US8357026B2 (en) 2007-03-29 2013-01-22 Michelin Recherche Et Technique S.A. Retread tire buffing with multiple response curves
US20100326603A1 (en) * 2007-06-28 2010-12-30 Michelin Recherche Et Technique S.A. Correction for asymmetrical buffing
US20100330877A1 (en) * 2007-06-28 2010-12-30 Michelin Recherche Et Technique S.A. Determining the buff radius during tire buffing
US8281840B2 (en) 2007-06-28 2012-10-09 Michelin Recherche Et Technique S.A. Correction for asymmetrical buffing
US8434542B2 (en) 2007-06-28 2013-05-07 Michelin Recherche Et Technique S.A. Determining the buff radius during tire buffing
WO2009005520A1 (en) * 2007-06-29 2009-01-08 Societe De Technologie Michelin Tire buffing debris collecting system
US8523635B2 (en) 2007-06-29 2013-09-03 Michelin Recherche Et Technique S.A. Tire buffing debris collecting system
US20100319732A1 (en) * 2007-06-29 2010-12-23 Michelin Recherche Et Technique S.A. Tire buffing debris collecting system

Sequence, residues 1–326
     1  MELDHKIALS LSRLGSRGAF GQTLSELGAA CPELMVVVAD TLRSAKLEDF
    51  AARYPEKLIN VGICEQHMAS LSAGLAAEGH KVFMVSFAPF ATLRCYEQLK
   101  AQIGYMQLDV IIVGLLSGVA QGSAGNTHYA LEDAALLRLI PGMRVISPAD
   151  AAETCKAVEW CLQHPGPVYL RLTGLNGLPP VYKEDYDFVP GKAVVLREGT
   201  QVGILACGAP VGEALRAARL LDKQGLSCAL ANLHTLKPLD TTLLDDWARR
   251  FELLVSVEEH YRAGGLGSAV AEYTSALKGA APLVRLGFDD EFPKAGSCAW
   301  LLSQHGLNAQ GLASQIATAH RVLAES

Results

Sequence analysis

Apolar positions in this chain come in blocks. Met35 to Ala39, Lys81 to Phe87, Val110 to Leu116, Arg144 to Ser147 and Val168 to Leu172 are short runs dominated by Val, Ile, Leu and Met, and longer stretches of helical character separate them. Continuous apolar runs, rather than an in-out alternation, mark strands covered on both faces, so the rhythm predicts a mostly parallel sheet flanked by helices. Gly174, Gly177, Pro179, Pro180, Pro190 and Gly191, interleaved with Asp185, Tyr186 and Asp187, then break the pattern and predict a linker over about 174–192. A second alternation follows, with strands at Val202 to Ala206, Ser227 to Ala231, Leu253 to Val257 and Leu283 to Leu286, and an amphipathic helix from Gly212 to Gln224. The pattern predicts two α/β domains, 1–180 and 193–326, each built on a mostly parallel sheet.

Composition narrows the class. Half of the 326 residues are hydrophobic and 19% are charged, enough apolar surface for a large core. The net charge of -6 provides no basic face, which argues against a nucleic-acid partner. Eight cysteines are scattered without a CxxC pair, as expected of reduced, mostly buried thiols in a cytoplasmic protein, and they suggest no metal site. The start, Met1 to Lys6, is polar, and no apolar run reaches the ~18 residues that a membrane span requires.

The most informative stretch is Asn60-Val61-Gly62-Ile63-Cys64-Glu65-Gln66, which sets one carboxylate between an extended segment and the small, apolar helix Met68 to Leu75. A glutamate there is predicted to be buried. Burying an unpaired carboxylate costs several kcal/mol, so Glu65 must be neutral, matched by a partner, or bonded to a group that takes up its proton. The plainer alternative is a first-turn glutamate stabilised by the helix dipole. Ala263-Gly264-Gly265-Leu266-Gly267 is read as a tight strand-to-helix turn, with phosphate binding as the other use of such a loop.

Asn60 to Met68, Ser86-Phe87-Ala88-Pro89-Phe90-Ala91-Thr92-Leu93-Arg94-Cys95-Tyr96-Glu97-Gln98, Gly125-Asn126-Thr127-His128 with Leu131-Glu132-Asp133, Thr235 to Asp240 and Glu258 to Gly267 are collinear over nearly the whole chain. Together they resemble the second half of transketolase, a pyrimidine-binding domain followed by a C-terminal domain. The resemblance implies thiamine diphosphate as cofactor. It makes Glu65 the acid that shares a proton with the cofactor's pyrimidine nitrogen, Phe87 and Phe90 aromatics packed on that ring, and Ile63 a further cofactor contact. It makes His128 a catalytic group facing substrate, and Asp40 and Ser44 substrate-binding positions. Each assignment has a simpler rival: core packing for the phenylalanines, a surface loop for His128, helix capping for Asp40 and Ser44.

US20100261412A1 (en) * 2007-09-28 2010-10-14 Michelin Recherche Et Technique S.A. Correction of crown layer variance during retreading
US8282442B2 (en) 2007-09-28 2012-10-09 Michelin Recherche Et Technique S.A. Correction of crown layer variance during retreading
US20130005226A1 (en) * 2010-02-02 2013-01-03 Bridgestone Corporation Buffing apparatus for production of retreaded tire
US9120282B2 (en) * 2010-02-02 2015-09-01 Bridgestone Corporation Buffing apparatus for production of retreaded tire
US20110214801A1 (en) * 2010-03-08 2011-09-08 Bridgestone Bandag, Llc Tire tread buffing apparatus and method
US8585843B2 (en) 2010-03-08 2013-11-19 Bridgestone Bandag, Llc Tire tread buffing apparatus and method
US8662134B2 (en) 2010-03-08 2014-03-04 Bridgestone Bandag, Llc Tire tread buffing apparatus and method
US20130213559A1 (en) * 2012-02-07 2013-08-22 Scott Damon System and method for decentralized manufacture of new tires enabling improved performance characteristics